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Homework Help: Half-value thickness for barium 137m

  1. May 6, 2017 #1
    1. The problem statement, all variables and given/known data
    The half-value layer (thickness) of gamma rays in lead is dependent on the energy of the gamma photons before they enter the lead. Find the graph which shows the relationship between the energy of the gamma photons (pasted below) and the half-value layer and read their energy. In your data book (we didn't get one or even a photocopy of the page), look up the energy of gamma photons emitted by barium 137* and compare it with the energy from the graph.
    Barium 137 hvl over meV copy.png
    2. Relevant equations

    3. The attempt at a solution
    Looking at the graph, it seems to be telling me that an increase in gamma energy at the entry point of a material corresponds with an increase in material thickness needed to cut this energy by half. I'm not really sure I understand the second part of the question, though. For one thing I don't have any data for the gamma energy associated with barium 137*, though I did read (it may have been on Wikipedia) that gamma energies are typically a few hundred kilo-electronvolts. For another, assuming I did manage to find the energy, what does it mean by 'compare it with the energy from the graph'? I imagine it means that I would take the stated energy and insert it into upload_2017-5-6_10-26-28.png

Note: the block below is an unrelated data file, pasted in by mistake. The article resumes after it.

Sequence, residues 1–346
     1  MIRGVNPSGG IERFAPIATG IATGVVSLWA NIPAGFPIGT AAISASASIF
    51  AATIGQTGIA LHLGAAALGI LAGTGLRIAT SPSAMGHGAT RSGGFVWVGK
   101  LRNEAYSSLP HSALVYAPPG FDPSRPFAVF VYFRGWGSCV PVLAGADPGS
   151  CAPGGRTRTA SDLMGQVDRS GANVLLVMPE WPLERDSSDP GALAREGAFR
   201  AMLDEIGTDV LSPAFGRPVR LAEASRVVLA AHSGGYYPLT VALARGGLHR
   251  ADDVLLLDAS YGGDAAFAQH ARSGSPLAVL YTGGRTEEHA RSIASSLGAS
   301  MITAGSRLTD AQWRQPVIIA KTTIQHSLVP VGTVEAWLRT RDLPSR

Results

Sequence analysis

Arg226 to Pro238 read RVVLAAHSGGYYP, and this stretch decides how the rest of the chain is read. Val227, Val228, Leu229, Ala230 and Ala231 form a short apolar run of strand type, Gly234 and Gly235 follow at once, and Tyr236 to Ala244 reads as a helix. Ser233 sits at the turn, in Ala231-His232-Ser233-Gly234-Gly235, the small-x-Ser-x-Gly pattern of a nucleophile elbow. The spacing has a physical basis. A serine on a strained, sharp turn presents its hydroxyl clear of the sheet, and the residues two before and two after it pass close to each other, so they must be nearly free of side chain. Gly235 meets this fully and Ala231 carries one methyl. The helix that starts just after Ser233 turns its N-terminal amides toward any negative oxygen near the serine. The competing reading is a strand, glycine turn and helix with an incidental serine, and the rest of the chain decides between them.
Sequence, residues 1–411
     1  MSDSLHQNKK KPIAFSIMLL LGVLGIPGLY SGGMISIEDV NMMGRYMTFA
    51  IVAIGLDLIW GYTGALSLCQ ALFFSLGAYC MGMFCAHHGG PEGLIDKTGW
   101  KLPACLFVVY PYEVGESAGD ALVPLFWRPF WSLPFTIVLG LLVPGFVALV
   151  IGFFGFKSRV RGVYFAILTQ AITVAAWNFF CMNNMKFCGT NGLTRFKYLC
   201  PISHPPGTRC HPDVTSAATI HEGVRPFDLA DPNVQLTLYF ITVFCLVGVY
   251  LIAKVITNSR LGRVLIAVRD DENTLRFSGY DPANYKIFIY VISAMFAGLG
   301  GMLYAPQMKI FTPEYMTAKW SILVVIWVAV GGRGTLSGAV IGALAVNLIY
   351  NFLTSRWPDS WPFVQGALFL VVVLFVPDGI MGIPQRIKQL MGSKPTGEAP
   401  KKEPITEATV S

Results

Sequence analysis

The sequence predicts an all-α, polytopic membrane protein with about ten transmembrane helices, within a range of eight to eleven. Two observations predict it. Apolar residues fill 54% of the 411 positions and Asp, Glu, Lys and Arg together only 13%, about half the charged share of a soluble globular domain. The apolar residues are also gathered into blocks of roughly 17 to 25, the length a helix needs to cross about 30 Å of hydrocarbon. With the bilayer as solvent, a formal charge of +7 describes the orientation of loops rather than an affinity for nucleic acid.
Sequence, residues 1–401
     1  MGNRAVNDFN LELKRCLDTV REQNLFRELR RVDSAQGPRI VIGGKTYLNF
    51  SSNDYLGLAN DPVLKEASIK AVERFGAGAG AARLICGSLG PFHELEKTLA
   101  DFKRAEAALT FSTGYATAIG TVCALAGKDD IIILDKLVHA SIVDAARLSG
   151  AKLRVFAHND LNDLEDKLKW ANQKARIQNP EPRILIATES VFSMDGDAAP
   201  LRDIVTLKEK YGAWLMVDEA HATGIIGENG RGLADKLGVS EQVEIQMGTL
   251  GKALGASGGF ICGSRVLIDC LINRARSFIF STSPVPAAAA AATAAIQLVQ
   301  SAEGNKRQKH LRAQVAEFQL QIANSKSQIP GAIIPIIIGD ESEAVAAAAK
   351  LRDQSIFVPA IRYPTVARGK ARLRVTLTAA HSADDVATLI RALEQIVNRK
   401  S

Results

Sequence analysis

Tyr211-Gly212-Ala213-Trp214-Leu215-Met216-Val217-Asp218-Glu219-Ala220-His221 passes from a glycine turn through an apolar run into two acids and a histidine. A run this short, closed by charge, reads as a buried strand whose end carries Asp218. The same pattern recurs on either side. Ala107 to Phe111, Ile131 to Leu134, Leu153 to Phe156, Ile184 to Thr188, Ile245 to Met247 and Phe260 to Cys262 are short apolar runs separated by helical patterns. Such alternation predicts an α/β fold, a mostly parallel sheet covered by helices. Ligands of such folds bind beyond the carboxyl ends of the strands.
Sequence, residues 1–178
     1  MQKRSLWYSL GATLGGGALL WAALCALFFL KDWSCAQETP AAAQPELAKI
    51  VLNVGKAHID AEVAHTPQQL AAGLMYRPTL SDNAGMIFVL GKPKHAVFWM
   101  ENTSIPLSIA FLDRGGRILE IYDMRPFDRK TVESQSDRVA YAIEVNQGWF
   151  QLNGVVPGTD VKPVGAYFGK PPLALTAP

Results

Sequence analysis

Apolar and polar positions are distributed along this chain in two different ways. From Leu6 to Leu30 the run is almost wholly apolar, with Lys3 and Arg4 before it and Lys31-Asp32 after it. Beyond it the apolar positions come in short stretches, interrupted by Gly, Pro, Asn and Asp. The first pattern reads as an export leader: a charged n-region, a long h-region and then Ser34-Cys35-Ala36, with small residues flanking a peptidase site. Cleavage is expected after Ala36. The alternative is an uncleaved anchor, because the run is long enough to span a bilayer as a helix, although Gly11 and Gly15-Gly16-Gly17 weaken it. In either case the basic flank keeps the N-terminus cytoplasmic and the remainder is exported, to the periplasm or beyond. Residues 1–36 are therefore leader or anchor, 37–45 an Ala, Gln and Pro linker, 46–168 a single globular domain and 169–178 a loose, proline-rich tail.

as a function I(x) and then solve for I(0) and I(n), comparing the results with several points on the graph shown. I hope I am on the right track. Could someone please tell me what the gamma energy for barium 137* is?
  2. jcsd
  3. May 6, 2017 #2


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    How about a web search on "barium 137"?
  4. May 6, 2017 #3
    Hi kuruman,
    I conducted several, but got sick of pages and pages of information about half-life etc. Luckily I've just tried again and lo and behold I found a page which told me the following: 'The energies of both the beta decay of cesium-137 and the subsequent gamma decay of the excited barium 137 are 512 keV and 662 keV, respectively.', which I'm going to run with.
    Thank you.
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